While a recent report by the Australian Institute of Health and Welfare indicates participation in the National Cervical Screening Program (NCSP) reduced in 2010-2011, incidence rates and mortality rates have both halved since the NCSP was introduced in 1991.
More than 3.6 million women were screened by the NCSP in 2010-2011, which is 57 per cent of women in the target population group (aged 20-69) screened through the NCSP.
“Participation had decreased slightly in 2010-2011, down from 58 per cent in 2009-2010, and 59 per cent in 2008-2009,” said AIHW spokesperson Justin Harvey. “Despite the slight fall in the proportion of women participating in the NCSP, the number of participants continued to rise and detection of high-grade abnormalities remained high.”
In 2011, for every 1,000 women screened, 8 women had a high-grade abnormality detected.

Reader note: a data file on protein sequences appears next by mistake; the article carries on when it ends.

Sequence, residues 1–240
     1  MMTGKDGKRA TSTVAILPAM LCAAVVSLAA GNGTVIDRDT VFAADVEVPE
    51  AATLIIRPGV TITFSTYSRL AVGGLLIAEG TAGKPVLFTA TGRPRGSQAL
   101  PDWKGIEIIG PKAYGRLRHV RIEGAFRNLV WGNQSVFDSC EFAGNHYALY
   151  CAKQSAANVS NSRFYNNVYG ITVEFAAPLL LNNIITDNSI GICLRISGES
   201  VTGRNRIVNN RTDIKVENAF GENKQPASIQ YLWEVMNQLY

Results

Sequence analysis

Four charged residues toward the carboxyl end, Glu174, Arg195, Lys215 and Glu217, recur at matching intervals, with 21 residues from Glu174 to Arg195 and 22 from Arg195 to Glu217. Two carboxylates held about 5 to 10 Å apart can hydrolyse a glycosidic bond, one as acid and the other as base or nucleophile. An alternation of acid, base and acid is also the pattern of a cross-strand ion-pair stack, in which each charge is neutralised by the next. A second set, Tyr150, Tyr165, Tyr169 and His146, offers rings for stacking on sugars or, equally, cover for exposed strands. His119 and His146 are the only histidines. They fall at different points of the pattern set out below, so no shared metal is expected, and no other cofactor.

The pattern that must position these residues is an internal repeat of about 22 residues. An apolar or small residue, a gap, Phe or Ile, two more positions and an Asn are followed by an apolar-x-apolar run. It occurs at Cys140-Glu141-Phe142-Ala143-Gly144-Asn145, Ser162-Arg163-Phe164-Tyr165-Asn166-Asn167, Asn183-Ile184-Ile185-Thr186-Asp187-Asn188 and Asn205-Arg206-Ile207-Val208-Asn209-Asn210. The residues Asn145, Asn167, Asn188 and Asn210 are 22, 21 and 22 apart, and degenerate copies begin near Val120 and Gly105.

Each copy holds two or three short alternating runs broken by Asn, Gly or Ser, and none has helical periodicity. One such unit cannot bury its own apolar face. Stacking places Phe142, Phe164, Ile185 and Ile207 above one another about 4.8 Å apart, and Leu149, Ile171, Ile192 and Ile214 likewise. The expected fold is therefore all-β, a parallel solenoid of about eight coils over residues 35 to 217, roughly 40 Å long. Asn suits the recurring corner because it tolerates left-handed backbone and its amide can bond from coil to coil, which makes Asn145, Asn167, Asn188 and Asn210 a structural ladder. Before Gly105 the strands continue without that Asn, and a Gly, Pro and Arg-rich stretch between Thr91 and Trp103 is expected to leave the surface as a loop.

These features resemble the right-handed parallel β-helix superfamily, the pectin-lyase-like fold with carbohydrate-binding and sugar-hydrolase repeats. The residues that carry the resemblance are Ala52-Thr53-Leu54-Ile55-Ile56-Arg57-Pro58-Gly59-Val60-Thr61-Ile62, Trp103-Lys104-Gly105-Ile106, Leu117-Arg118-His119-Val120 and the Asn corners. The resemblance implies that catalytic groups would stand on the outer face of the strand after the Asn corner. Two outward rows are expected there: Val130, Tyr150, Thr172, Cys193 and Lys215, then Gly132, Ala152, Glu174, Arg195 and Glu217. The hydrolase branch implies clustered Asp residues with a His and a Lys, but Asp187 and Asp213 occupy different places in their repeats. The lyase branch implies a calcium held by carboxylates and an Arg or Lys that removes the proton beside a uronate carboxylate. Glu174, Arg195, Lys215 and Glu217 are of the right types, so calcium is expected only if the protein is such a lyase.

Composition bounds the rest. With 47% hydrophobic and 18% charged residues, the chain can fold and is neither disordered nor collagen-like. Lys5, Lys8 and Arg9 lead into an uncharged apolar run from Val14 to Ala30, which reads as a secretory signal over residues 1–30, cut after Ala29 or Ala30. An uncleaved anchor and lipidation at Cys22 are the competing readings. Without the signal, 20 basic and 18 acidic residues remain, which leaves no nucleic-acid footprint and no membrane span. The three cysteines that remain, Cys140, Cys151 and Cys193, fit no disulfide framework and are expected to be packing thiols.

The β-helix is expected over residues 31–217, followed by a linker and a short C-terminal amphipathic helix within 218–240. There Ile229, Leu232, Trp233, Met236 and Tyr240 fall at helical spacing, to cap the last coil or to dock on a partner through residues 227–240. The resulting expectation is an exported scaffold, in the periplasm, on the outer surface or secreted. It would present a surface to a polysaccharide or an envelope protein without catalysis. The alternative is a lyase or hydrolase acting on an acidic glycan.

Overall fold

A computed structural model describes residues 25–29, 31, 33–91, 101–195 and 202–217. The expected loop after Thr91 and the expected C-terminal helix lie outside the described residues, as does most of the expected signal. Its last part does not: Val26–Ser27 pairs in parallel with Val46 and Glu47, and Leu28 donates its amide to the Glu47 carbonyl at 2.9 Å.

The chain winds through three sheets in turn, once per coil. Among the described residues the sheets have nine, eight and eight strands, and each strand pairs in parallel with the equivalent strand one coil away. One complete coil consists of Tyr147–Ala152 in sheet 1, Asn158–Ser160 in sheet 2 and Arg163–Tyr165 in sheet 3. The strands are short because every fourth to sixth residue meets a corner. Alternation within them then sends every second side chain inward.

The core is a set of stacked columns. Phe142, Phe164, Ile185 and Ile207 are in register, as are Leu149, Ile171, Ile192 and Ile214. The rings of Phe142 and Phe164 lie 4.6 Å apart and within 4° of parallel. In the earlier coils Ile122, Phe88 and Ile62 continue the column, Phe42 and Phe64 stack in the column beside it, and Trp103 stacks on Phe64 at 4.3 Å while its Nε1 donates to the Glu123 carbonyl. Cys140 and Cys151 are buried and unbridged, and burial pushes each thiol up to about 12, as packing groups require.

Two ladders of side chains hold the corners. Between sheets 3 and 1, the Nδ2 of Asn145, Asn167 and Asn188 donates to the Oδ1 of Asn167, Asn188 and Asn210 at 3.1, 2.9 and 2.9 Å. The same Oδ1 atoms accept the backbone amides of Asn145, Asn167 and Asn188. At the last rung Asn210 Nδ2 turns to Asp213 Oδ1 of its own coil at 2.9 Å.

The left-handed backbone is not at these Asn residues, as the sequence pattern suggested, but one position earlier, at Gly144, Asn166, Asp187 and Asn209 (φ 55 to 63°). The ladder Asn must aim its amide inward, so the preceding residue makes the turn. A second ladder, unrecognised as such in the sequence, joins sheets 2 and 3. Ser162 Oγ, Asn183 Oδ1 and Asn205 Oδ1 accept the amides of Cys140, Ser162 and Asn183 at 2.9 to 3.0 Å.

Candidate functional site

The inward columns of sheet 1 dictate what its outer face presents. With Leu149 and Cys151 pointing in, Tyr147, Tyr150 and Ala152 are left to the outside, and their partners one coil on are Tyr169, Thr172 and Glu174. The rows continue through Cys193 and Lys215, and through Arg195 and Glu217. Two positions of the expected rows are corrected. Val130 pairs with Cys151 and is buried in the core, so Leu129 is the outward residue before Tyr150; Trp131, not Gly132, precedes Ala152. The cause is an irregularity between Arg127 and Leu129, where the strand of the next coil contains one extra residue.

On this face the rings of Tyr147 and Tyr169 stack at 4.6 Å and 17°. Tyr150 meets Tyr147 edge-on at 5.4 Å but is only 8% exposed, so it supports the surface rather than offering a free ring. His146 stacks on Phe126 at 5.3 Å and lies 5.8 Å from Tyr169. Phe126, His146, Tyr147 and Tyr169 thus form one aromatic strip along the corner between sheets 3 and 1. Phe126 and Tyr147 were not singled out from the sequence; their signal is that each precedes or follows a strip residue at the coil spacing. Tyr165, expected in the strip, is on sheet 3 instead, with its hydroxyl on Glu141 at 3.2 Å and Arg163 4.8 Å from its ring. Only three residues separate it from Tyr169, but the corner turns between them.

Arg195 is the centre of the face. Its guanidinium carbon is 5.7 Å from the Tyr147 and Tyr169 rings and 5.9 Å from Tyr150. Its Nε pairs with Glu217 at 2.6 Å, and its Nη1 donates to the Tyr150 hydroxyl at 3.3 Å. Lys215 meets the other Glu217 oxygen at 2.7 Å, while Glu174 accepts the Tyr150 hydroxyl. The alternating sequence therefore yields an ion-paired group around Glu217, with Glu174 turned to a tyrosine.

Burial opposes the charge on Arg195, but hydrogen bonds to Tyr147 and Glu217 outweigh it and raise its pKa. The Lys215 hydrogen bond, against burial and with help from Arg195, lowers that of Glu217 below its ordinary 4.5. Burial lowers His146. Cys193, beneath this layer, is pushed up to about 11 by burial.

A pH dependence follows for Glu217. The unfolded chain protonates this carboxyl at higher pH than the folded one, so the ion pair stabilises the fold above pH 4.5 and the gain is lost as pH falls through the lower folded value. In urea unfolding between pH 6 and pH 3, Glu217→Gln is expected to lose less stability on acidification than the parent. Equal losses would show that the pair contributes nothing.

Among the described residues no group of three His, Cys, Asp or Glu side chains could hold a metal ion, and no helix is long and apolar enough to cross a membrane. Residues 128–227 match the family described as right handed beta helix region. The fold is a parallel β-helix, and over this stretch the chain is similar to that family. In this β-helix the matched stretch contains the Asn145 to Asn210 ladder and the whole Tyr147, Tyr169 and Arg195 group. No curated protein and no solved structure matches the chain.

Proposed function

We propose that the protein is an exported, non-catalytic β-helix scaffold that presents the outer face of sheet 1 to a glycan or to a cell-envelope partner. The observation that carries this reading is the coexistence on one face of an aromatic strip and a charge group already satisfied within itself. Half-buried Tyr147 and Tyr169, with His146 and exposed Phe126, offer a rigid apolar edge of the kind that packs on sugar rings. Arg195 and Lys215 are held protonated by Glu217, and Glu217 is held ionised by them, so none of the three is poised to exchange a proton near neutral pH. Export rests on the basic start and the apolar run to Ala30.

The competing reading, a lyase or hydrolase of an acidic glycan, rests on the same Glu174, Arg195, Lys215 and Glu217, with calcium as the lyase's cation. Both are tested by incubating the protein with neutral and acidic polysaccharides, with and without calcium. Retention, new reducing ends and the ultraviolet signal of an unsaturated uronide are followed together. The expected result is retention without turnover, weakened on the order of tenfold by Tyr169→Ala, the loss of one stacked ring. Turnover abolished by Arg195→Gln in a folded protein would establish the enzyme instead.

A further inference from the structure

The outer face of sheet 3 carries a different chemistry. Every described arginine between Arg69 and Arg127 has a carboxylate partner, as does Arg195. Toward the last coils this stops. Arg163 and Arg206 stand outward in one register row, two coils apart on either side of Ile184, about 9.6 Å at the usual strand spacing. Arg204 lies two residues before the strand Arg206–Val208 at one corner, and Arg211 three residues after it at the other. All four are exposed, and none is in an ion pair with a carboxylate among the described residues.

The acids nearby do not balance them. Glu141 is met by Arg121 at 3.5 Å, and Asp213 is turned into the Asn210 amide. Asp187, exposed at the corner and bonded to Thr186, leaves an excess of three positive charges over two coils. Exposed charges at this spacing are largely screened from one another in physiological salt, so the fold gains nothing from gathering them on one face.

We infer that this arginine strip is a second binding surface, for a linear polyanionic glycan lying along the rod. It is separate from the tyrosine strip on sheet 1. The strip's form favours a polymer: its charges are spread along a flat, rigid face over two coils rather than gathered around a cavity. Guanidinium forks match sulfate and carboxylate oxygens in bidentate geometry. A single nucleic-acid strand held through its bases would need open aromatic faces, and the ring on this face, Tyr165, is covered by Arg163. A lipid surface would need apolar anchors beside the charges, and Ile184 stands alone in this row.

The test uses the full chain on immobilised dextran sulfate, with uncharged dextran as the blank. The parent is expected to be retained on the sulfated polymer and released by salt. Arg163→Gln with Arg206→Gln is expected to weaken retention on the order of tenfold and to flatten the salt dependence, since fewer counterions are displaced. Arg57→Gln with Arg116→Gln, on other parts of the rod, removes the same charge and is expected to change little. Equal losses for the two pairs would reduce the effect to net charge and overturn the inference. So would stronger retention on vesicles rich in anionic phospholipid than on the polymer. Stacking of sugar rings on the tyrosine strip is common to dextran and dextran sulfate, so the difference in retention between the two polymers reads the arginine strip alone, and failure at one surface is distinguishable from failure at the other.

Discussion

Participation was similar across remoteness areas, with the highest rate recorded for Inner regional areas (58 per cent) and the lowest in Remote areas (55 per cent).
“Greater differences were seen in participation rates across socioeconomic status, with a clear trend of increasing participation with increasing socioeconomic status,”’ Mr Harvey said. Participation ranged from 52 per cent in areas of lowest socioeconomic status to 63 per cent in areas where socioeconomic status was highest.
‘The good news is that incidence rates and mortality rates have both halved since the NCSP was introduced in 1991-remaining at their historic lows of nine new cases and two deaths per 100,000 women since 2002,’ Mr Harvey said.
The number of new cases of cervical cancer per 100,000 Aboriginal and Torres Strait Islander women was more than twice that for non-Indigenous women. The number of deaths per 100,000 Aboriginal and Torres Strait Islander women was five times the non-Indigenous rate.